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Baker's Dozen

How Was It For You? Tim Booth Of James' Favourite Albums
John Freeman , March 31st, 2016 08:03

After the release of James' Girl At The End Of The World, lead singer Tim Booth tells John Freeman about clandestine childhood listening and the redemptive powers of Iggy Pop in choosing the LPs that "saved his life"

Tim Booth is talking to me over the phone from his home in California about one of the artists on his Baker's Dozen list. As the James frontman describes his love of Nina Simone, he begins to weep. "I don't mind crying," he tells me, reassuringly. "It's not a problem for me. I am very proud of my tears."

"Music saved my life," he continues, as if by way of explanation. "As a child, I inherited a liver condition, which became manifest at about the age of 11. It wasn't properly diagnosed until I was 21, when I 'died' in hospital and had to be revived. All through my teens, I was bright yellow as I was jaundiced the entire time. I was in a state of constant hallucination, with very little sleep. Therefore, I lived in quite a hellish place for about ten years. I always thought I would end up in a psychiatric hospital, because of the way my mind was working."

"Music became was my saviour. I had been sent away to a prison-like [boarding] school and I would listen to John Peel on my headphones in bed. I realised that there was a world out there of other people expressing something from their pain. I felt very alone and music was the thing that made me feel not alone. This is why I get emotional talking about some of these albums."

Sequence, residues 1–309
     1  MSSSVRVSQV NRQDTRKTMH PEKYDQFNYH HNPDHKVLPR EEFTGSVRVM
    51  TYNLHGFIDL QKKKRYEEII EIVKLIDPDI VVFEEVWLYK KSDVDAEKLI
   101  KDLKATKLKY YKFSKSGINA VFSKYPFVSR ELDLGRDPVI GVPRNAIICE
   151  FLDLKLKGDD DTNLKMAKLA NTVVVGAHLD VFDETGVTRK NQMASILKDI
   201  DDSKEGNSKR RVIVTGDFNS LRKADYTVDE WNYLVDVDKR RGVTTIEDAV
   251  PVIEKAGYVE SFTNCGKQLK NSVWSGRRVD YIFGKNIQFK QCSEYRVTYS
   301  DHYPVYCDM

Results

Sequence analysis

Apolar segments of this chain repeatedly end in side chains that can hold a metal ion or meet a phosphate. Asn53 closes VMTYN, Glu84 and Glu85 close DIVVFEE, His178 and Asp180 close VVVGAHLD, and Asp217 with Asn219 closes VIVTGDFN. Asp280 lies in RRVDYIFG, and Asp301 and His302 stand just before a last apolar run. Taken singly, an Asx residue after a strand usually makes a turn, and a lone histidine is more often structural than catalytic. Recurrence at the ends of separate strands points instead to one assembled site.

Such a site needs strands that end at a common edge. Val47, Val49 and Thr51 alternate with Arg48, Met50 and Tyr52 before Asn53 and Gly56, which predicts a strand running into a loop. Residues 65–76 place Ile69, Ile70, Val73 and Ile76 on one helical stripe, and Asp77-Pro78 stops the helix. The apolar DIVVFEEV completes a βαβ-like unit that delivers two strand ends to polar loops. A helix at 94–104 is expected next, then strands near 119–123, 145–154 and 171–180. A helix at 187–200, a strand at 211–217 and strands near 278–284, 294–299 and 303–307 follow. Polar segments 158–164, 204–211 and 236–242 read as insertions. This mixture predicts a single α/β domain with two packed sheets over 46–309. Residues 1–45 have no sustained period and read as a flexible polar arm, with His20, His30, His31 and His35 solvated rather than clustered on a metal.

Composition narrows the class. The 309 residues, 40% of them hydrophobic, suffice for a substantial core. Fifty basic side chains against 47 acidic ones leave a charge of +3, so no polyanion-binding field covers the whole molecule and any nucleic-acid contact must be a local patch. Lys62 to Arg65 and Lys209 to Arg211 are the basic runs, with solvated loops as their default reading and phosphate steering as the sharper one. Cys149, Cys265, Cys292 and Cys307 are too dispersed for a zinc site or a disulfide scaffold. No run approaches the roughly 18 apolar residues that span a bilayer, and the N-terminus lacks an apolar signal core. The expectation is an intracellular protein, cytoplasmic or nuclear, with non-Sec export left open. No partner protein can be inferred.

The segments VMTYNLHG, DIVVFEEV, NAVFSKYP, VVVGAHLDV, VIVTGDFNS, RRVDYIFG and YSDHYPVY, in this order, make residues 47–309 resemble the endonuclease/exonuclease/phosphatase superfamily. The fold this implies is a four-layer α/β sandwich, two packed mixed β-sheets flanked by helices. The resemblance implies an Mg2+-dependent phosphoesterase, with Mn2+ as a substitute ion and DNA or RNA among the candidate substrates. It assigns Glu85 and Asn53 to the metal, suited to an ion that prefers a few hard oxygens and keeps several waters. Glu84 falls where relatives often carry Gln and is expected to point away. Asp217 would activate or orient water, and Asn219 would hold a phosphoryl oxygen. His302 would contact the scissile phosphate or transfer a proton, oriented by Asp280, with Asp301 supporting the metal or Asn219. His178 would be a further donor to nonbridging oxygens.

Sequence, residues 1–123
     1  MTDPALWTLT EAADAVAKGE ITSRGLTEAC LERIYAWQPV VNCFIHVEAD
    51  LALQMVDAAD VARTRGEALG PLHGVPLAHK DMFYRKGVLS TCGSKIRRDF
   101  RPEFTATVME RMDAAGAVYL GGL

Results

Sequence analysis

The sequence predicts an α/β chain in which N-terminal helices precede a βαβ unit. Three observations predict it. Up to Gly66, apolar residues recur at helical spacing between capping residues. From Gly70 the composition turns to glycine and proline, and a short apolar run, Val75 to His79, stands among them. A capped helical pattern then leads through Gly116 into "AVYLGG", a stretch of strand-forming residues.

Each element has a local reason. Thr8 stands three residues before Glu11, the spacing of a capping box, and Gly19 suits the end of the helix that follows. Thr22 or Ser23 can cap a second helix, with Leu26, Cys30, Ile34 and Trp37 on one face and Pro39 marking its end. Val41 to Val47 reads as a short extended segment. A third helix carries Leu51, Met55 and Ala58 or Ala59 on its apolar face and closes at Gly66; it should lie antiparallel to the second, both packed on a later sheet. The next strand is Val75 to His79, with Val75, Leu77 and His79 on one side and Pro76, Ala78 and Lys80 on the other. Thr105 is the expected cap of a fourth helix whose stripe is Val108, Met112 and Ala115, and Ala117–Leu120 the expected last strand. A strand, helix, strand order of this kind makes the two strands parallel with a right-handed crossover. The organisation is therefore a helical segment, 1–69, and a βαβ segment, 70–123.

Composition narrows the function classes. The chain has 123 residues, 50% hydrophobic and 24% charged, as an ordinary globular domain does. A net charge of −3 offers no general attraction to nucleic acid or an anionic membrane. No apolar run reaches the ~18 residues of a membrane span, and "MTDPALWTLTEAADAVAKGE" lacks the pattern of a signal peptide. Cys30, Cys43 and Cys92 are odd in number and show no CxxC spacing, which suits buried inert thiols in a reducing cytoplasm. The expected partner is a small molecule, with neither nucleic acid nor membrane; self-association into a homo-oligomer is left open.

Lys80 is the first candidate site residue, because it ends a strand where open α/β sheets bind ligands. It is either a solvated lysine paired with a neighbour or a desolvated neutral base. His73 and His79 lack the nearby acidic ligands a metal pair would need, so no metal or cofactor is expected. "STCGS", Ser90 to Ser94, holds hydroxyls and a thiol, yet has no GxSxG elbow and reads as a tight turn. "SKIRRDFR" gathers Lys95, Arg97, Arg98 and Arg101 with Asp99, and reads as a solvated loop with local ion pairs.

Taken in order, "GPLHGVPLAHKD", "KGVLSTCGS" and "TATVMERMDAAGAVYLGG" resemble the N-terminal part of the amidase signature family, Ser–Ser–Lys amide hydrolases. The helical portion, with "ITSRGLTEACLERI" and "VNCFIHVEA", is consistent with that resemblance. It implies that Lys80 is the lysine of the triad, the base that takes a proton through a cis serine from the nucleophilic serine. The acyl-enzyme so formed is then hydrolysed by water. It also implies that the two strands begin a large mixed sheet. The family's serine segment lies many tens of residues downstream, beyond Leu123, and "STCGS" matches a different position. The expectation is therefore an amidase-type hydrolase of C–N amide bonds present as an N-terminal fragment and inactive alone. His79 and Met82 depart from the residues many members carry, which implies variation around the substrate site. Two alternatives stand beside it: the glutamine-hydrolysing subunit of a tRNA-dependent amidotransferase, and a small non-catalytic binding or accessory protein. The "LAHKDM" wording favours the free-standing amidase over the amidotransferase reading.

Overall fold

If this seems a little intense for a Baker's Dozen interview, jetlag may partially explain Booth's emotional state. He's operating on three hours' sleep after a long-haul flight the day before and is chatting from his deck in Topanga Canyon, just north of Los Angeles. Tim tells me that a few days previously, a neighbour spotted a mountain lion in their garden. We agree that if the cougar returns, we will abort the Baker's Dozen and conduct tQ's first ever Big Cat Diary spin-off.

Aside from the tears and childhood revelations, Tim is on wonderful form. His album choices evoke warm memories and some wonderful anecdotes that span his torrid schooling (Iggy Pop, Patti Smith and Wire), through the great friendships of his life (Regina Spektor and Brian Eno) and on to the songs that have inspired James' 14th album, the Max Dingel-produced, Girl At The End Of The World. It's a record of shimmering, euphoric electronica and the sound of a band who, even after 34 years, are still crackling with wit and wisdom.

As the interview draws to a close (he ends with one final cracking story about being threatened by Nick Cave), I ask Tim my standard Baker's question about the connecting themes within his choices. "These people had to make these records to express themselves," he explains. "For me, this list is full of people on the edge. I think artists go into the subconscious and they bring back the fire. They are people who are digging deep into their psyche and bringing out magic – and that magic is healing for our culture. They had to do what they did and they did it with total commitment, passion and love."

Girl At The End Of The World is out on March 18 via BMG. James begin a UK tour on May 2 at Colston Hall in Bristol; for full details and tickets, head here. Click on the image below to begin scrolling through Tim's choices, which run in no particular order